Writer of Horror Fiction

Posts tagged “writing horror stories

A word to the wise for those who are writers or plan on becoming one in the future.

For the most part, my posts on this blog have been related to my work and the work of others: reviews, updates, and promotion of my work and the work of my fellow writers.  There have been a few commentaries on my experiences in writing and I will admit there probably needs to be more.  While I am far from an expert on how to get published or just in the craft of writing, I have learned a few things along the way and continue to learn new things every day.

One thing in particular that I have learned is that there are so many people out there who genuinely care for one another in the writing community.  They may make their living writing, editing, publishing, doing formatting…or they may be doing it more as a sideline-hobby/passion/dream of making it big someday (most of us are like that, in fact), or they are fans of the different genres: horror, science fiction, fantasy, bizarro, etc who have dreams of getting more involved down the road-maybe making movies, writing, creating their own publishing company, or something else.  They pour their blood, sweat, and tears into what they do, and care about it enough to make sure they do the best job possible-not just for themselves, but for everyone else who is relying on them.  Social media has allowed pretty much everyone to share their thoughts, connect, and join in the conversation with a very wide ranging community that is all over the globe.  I’ve learned a lot from a lot of different people.  Not just about writing, but about the business side of things-what it takes to get a book out there, how to promote your work, how do you hook up with filmmakers, etc.  I’ve been lucky because I’ve associated myself with people who not only care about what they do, but they behave in a very professional manner.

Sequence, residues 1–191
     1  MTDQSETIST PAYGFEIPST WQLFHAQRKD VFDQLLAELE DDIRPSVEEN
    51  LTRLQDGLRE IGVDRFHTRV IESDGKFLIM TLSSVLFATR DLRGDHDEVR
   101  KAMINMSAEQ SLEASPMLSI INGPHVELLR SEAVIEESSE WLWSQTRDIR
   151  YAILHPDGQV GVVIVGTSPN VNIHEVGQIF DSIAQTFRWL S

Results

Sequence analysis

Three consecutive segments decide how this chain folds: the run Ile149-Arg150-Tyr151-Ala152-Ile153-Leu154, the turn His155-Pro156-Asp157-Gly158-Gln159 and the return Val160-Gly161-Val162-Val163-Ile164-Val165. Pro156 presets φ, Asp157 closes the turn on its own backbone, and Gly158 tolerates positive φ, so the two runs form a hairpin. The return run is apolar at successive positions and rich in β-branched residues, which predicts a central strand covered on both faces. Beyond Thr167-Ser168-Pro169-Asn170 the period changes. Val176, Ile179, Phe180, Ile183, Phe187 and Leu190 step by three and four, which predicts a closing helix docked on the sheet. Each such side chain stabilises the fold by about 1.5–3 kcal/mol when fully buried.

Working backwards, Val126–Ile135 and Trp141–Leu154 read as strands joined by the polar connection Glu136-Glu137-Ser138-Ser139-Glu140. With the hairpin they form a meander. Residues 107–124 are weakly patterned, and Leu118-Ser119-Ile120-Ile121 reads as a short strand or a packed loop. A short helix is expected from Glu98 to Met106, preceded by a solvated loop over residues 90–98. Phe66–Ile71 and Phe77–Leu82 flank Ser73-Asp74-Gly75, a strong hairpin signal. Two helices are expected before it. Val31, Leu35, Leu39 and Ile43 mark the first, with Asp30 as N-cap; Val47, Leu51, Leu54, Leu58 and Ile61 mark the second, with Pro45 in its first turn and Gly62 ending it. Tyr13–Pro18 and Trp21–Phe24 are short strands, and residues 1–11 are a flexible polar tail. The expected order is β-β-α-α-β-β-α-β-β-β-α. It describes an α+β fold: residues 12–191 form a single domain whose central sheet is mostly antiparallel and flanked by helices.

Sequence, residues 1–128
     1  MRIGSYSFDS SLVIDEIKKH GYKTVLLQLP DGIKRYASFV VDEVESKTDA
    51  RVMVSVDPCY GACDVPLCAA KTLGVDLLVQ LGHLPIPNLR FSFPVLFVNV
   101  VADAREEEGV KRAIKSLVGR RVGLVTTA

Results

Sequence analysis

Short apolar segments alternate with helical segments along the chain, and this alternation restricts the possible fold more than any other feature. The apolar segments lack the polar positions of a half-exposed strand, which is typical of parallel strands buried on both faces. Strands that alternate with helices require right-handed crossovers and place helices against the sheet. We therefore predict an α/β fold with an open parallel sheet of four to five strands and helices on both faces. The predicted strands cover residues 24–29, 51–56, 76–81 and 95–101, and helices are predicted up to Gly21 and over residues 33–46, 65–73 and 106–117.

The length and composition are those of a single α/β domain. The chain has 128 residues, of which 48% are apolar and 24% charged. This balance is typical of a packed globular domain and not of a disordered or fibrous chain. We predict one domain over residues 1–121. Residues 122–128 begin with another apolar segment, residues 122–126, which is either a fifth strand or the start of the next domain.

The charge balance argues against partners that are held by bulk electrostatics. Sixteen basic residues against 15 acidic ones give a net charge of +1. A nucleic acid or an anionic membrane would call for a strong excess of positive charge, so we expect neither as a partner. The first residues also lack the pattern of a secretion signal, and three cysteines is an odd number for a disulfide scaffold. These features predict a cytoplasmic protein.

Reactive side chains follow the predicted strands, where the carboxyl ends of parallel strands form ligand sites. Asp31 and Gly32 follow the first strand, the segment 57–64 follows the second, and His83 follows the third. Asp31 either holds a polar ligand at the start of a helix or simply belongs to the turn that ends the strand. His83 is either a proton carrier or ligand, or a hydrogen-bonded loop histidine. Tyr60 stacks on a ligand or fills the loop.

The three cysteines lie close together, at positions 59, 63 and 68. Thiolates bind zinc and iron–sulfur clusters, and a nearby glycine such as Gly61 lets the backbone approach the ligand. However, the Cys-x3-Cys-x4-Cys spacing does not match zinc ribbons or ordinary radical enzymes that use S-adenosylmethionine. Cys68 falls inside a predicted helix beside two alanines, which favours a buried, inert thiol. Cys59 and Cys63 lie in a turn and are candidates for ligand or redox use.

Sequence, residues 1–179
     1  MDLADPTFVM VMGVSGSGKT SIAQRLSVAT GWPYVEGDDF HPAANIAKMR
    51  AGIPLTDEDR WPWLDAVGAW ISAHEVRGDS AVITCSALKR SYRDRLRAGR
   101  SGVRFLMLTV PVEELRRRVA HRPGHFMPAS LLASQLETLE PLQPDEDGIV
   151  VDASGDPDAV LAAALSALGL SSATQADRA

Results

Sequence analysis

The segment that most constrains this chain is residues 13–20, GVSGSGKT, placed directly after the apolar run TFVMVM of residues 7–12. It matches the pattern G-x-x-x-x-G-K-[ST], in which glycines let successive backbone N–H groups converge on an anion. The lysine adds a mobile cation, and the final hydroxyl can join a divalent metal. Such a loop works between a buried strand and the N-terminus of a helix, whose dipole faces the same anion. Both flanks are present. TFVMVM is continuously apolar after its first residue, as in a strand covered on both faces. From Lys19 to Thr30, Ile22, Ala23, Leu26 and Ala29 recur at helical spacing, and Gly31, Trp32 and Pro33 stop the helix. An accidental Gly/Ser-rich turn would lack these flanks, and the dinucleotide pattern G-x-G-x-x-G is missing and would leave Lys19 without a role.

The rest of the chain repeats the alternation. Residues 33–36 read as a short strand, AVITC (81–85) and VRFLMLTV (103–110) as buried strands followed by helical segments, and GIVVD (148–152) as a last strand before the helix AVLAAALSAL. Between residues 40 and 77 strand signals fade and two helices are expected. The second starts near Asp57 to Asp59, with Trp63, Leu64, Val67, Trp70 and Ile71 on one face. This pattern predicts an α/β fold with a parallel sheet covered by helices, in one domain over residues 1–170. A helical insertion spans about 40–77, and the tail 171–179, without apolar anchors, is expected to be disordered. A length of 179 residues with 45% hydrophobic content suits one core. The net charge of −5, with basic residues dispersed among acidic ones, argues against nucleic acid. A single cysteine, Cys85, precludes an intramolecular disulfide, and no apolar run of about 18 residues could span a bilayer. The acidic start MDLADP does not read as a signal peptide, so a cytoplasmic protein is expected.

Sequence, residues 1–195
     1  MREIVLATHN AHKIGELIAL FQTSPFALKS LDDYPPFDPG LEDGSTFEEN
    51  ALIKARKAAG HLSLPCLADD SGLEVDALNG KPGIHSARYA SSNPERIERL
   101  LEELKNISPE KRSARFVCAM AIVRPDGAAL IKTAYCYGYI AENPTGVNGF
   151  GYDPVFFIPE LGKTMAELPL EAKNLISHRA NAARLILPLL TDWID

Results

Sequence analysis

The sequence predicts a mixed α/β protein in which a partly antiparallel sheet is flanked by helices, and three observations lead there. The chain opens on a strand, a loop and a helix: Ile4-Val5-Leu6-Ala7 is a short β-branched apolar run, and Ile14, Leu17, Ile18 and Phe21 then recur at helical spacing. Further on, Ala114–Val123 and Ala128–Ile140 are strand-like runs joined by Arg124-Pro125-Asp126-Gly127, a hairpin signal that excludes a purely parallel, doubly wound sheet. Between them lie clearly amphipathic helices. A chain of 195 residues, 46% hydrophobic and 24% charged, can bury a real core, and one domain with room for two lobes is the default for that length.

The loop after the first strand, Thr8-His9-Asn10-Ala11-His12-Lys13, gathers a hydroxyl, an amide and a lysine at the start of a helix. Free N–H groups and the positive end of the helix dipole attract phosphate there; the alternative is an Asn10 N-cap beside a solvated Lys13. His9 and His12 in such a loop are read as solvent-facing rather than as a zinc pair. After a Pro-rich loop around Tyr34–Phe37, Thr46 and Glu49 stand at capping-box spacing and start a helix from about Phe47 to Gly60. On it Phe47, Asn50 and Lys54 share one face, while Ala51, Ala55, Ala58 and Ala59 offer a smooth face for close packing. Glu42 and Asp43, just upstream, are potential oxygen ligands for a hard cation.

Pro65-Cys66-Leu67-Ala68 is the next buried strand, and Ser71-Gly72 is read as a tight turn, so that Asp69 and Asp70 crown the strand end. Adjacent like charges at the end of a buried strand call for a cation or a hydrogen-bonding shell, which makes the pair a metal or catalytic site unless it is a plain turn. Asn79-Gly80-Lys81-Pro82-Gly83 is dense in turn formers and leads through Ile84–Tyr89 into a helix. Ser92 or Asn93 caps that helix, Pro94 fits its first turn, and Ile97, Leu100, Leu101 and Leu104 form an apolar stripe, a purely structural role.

But you hear stories now and again about someone who steals stories from other authors and claims them to be their own, or publishers who refuse to pay the artists for the work they put out there.  It is unfortunate, but the people who share their experiences and send out warnings pave the way for the rest of us to be able to avoid the same pitfalls, and because of that, we all are grateful to these brave souls.  Sometimes the lessons are more simple, such as avoiding getting provoked by a review of your work that you disagree with.  Tales of woe for authors abound on this front.

This brings me to the main topic of this post.  Yesterday, I saw two separate warnings posted on Facebook from two separate authors, both of which are fairly new to being published.  Quite a few people have since shared their information with everyone on Twitter and Facebook that they know, and I am joining their ranks.  As some of you know, I tend to keep my opinions to myself beyond of the topic of the writing I do or someone else’s work…and when I do comment on anything anyone else does, I do my best to be constructive and professional about it.  I have avoided more flammable topics, but for right now, I feel it’s important that I share these two tales with anyone who reads my blog.  Take away from them what you will.  It is my hope that what has happened to these two writers doesn’t have to happen to anyone else because of what they’ve shared.

The first post is from horror author Alyn Day.

http://alyndayofthedead.blogspot.com/2012/05/suffering-in-silence.html

The second is from author Mandy De Geit.

http://mandydegeit.wordpress.com/2012/05/14/when-publishing-goes-wrong-starring-undead-press/

 

I think it is fair to share these blog posts with the world, as I think it would also be fair for me to share any rebuttals that the publisher has to offer to either or both of these authors, if I hear of one in the future.  Because there is always two sides to the story, and even with the information shared above, I would be curious to see what response there may be to these accusations.  It is a shame when things like this happen.  But as so many others have said and I have as well, the fact that this information was shared makes all of us the wiser and more prepared as writers going forward with our efforts.

 

So always be alert and concerned about what is going on around you as a writer.  Find out as much as you can about a editor, a publisher, and everyone else involved in working with you before you hand your pride and joy over to them.  Just as you expect a mechanic to be trained to work on cars and a doctor to have a medical degree before you let them tell you to bend over and cough, you should know the history of who you are looking to work with in advance of agreeing to anything.  But if you do end up making a mistake (and we all have, on many different occasions), don’t hesitate to share with others, so they can learn and avoid those same mistakes.